When we celebrate birthdays we are celebrating the joys of life. The whole point of any kind of birthday ritual is the act of acknowledging the value of life and the direct impact that life has on others who share your values. Usually, this comes from family, who are attuned to the peculiarities of an individual’s value. This was exactly the situation when my family elected to celebrate my 45th birthday in the rugged mountains of Red River Gorge. My wife organized a day when my two daughters and their husbands could free themselves up at the same time to go rappelling with us on a journey to one of my favorite lands of adventure. Before leaving, my wife stayed up late well after I had gone to bed and finished prior to my 4 AM wake up baking me a cake which she presented to me at the peak of Chimney Rock. The road to Chimney Rock was rugged, featuring a 5 mile dirt road after a 4 mile paved stretch located at the entrance. It is the only way to arrive at Chimney Rock unless of course a climber scaled up the side. The presentation of the cake in such a place was unique and a nice touch by my family, which can be seen in the video below.
Among the many adventures and miles of hiking we did on this trip, it was my daughter and her husband who coaxed me into visiting Miguel’s pizza joint just down the road from the entrance to Natural Bridge. As they suggested the meal I found myself between a rock and a hard place. They were very adamant about wanting to take me there because they figured I would appreciate the style of the pizza place. However, my wife had worked very hard to pack a wonderful meal that we planned to eat in picnic fashion. The Miguel’s idea was something that my kids came up with spontaneously and upon hearing it, I was skeptical. I was very concerned that I would not like the experience because Miguel’s pizza place looks like the dream of a deranged hippie. The building is way too small, it’s bright yellow, only has one bathroom, and most of the dining room is outside the building scattered among beat up picnic tables and well-worn dirt void of any grass. But most noticeable of all is the bizarre artwork that is displayed all over the building which looks like it belongs to an old “flower child.” But after some urging, my daughter had talked me into it, so after celebrating my birthday on top of Chimney Rock, we headed to Miguel’s across the valley nearly an hour away.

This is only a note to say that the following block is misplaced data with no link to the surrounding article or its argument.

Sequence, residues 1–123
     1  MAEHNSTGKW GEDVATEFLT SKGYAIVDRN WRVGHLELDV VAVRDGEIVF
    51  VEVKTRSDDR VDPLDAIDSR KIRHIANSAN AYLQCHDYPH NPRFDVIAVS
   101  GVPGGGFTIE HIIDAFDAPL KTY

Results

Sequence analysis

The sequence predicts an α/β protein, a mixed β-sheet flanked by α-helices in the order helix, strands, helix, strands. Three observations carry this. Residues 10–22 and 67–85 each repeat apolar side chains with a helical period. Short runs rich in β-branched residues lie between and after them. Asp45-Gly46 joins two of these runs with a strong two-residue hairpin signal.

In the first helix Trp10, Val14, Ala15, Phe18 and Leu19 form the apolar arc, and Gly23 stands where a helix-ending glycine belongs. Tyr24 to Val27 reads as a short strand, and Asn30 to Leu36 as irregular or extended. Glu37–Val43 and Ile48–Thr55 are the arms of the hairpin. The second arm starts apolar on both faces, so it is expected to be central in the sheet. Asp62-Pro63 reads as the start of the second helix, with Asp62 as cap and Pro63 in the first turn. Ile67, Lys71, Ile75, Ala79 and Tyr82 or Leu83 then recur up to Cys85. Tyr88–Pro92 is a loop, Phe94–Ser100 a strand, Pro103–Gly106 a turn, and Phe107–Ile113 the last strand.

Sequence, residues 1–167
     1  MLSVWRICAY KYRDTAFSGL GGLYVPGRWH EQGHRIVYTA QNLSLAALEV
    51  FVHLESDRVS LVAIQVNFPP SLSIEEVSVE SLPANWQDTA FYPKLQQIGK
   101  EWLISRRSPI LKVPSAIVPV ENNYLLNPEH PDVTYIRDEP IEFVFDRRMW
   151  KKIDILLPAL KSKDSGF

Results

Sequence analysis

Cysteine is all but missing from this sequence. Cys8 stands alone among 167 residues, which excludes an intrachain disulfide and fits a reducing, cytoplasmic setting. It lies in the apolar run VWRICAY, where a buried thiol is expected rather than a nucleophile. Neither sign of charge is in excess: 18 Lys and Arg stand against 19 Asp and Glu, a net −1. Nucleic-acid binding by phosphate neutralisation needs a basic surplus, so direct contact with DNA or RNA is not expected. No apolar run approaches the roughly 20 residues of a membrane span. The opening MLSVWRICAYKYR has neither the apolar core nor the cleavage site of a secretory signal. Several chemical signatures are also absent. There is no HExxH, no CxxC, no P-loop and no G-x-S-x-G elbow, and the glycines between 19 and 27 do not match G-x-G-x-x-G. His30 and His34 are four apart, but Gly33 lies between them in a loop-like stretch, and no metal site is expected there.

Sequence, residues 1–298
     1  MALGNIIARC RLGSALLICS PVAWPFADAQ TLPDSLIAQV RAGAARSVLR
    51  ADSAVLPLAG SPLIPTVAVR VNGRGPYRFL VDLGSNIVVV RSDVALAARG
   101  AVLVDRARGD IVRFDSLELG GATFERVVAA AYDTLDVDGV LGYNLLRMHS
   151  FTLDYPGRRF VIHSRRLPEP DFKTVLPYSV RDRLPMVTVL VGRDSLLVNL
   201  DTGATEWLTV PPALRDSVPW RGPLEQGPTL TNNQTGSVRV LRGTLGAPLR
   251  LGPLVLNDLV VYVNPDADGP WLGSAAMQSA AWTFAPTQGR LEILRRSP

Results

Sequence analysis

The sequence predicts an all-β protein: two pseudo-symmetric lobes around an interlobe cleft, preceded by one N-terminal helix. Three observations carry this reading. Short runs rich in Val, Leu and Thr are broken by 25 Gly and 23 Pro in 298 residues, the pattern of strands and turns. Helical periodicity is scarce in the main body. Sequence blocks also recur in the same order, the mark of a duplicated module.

Rock climbers from all over the world come to Red River Gorge, and their absolutely favorite place to dine is Miguel’s. There isn’t even a close second. Miguel’s in the rock climbing world is a Holy Place. The owner of Miguel’s is Miguel Ventura from Portugal. He describes himself as a pizza maker, an artist, a family man, and social servant. Ventura, now aged 56 bought himself a slice of backwoods real estate in 1984, opening the Rainbow Door, an ice-cream shop the next year catering to the handful of climbers in the area. Now, 24 years later he slings pizza and climbing gear instead which is sold in the store with the pizzas. On a busy spring or fall weekend there are upwards of 80 tents in his campground out back. (Miguel’s wife, Susan, and three kids, Dario, Sarah, and Mark, help run the bustling business.) Miguel makes large wood carvings, also, and if you’ve eaten his pizza, you’ve eaten from his garden.